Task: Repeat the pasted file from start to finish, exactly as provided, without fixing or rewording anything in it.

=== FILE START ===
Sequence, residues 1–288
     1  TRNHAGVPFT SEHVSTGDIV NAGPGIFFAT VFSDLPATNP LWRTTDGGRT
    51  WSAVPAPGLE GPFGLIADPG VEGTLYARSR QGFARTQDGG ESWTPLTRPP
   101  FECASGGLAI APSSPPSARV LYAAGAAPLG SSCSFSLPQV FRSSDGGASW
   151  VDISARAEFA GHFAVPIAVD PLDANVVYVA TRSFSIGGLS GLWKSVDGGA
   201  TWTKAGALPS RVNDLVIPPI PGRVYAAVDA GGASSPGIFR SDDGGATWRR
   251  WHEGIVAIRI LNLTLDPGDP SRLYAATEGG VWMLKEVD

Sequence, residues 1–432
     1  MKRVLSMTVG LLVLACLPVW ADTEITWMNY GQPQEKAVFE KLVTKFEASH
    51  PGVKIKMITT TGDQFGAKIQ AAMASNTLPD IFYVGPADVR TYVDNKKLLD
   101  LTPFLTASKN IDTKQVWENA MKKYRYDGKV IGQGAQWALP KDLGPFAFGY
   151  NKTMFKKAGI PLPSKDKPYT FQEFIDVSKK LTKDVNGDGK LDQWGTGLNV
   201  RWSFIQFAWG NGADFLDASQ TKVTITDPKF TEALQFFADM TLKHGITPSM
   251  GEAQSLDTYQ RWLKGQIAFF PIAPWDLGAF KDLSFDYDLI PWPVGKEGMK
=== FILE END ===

Sequence, residues 1–288
     1  TRNHAGVPFT SEHVSTGDIV NAGPGIFFAT VFSDLPATNP LWRTTDGGRT
    51  WSAVPAPGLE GPFGLIADPG VEGTLYARSR QGFARTQDGG ESWTPLTRPP
   101  FECASGGLAI APSSPPSARV LYAAGAAPLG SSCSFSLPQV FRSSDGGASW
   151  VDISARAEFA GHFAVPIAVD PLDANVVYVA TRSFSIGGLS GLWKSVDGGA
   201  TWTKAGALPS RVNDLVIPPI PGRVYAAVDA GGASSPGIFR SDDGGATWRR
   251  WHEGIVAIRI LNLTLDPGDP SRLYAATEGG VWMLKEVD

Sequence, residues 1–432
     1  MKRVLSMTVG LLVLACLPVW ADTEITWMNY GQPQEKAVFE KLVTKFEASH
    51  PGVKIKMITT TGDQFGAKIQ AAMASNTLPD IFYVGPADVR TYVDNKKLLD
   101  LTPFLTASKN IDTKQVWENA MKKYRYDGKV IGQGAQWALP KDLGPFAFGY
   151  NKTMFKKAGI PLPSKDKPYT FQEFIDVSKK LTKDVNGDGK LDQWGTGLNV
   201  RWSFIQFAWG NGADFLDASQ TKVTITDPKF TEALQFFADM TLKHGITPSM
   251  GEAQSLDTYQ RWLKGQIAFF PIAPWDLGAF KDLSFDYDLI PWPVGKEGMK